.

Swoon

Craig Chester

Directed by Tom Kalin
Rolling Stone: star rating
5 0
Community: star rating
5 0 0
September 11, 1992

If you want to see a movie that really nails the pathology of bigotry, try writer-director Tom Kalin's revisionist look at the 1924 Chicago trial of Leopold and Loeb — two gay, Jewish, eighteen-year-old intellectuals convicted of the "thrill killing" of thirteen-year-old Bobby Franks.

Kalin is not arguing the innocence of Nathan Leopold (Craig Chester) or Richard Loeb (Daniel Schlachet). His point is that contrary to the popular belief at the time, their homosexuality did not make them do it. Attorney Clarence Darrow (Robert Read) used their relationship as evidence of insanity and got them life sentences instead of the gallows.

Kalin's experiment (shot on a shoestring over fourteen days) meets the test of a great film — it lets us view the familiar in astonishing new ways. Ellen Kuras's stylized black-and-white cinematography offers one stunning image after another. The lovers' bed sweeps into the courtroom, incarnating the public's wildest imaginings. Previous Hollywood forays into the case — Compulsion and Hitchcock's Rope — seem timid by comparison. Kalin brings a searching mind and a poet's eye to Swoon. His haunting and visionary film is a stunning debut.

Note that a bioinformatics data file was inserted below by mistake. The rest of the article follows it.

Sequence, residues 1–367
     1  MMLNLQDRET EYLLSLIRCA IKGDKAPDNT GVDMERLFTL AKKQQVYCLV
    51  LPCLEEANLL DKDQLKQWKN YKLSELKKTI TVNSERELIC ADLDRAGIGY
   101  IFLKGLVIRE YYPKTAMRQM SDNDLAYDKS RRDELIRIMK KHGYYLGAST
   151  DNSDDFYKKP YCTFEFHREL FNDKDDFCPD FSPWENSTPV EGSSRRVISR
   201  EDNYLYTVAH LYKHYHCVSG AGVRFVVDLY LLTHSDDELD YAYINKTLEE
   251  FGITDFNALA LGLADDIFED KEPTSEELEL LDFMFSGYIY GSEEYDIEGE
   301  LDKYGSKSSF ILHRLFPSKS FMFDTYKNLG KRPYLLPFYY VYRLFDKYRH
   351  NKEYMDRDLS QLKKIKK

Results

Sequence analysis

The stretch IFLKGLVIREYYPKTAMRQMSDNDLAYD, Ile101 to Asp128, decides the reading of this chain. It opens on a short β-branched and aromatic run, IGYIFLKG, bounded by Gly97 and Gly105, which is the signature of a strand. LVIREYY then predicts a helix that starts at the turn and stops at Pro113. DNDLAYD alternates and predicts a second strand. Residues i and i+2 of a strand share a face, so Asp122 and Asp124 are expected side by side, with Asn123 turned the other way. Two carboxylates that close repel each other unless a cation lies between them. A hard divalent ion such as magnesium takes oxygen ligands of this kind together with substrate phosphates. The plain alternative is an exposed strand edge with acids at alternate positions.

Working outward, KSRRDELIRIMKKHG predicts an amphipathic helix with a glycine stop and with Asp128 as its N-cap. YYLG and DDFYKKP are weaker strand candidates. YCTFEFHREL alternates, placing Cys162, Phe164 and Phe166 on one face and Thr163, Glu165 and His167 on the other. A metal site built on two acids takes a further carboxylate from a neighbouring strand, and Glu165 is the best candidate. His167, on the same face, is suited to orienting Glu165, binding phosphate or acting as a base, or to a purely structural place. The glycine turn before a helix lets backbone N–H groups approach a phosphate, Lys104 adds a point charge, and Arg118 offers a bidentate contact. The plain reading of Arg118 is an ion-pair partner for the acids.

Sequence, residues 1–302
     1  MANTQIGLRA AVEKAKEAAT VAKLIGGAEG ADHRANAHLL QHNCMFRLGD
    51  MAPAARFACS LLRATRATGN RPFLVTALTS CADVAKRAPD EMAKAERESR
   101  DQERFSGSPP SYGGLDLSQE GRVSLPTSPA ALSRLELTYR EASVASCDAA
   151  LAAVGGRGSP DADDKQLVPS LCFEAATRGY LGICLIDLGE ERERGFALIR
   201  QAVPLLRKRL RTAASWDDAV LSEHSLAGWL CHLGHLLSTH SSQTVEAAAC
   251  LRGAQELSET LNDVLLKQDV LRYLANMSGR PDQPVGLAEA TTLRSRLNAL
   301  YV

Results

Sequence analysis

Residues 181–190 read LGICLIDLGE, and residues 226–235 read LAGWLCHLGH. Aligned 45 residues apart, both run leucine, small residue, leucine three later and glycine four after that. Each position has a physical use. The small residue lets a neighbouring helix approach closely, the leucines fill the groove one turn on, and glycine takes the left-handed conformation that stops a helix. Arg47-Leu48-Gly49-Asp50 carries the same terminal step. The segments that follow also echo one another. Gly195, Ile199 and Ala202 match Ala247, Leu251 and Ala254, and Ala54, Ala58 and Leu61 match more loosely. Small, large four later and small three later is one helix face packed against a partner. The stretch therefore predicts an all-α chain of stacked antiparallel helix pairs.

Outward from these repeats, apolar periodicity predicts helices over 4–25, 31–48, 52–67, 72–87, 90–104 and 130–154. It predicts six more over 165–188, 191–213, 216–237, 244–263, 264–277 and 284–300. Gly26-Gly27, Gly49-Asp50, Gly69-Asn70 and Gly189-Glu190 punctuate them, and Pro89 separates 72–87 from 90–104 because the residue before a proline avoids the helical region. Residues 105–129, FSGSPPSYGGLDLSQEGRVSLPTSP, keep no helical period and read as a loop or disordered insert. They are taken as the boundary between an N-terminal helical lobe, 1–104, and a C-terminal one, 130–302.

prev
Movie Review Main Next

ADD A COMMENT

Community Guidelines »
loading comments

loading comments...

COMMENTS

Sort by:
    Read More

    Movie Reviews

    More Reviews »
    Around the Web
    Powered By ZergNet
    Daily Newsletter

    Get the latest RS news in your inbox.

    Sign up to receive the Rolling Stone newsletter and special offers from RS and its
    marketing partners.

    X

    We may use your e-mail address to send you the newsletter and offers that may interest you, on behalf of Rolling Stone and its partners. For more information please read our Privacy Policy.

    Song Stories

    “Long Walk Home”

    Bruce Springsteen | 2007

    When the subject of this mournful song returns home, he hardly recognizes his town. Springsteen told Rolling Stone the alienation the man feels is a metaphor for life in a politically altered post-9/11 America. “Who would have ever thought we’d live in a country without habeas corpus?” he said. “That’s Orwellian. That’s what political hysteria is about and how effective it is. I felt it in myself. You get frightened for your family, for your home. And you realize how countries can move way off course, very far from democratic ideals.”

    More Song Stories entries »
    www.expandtheroom.com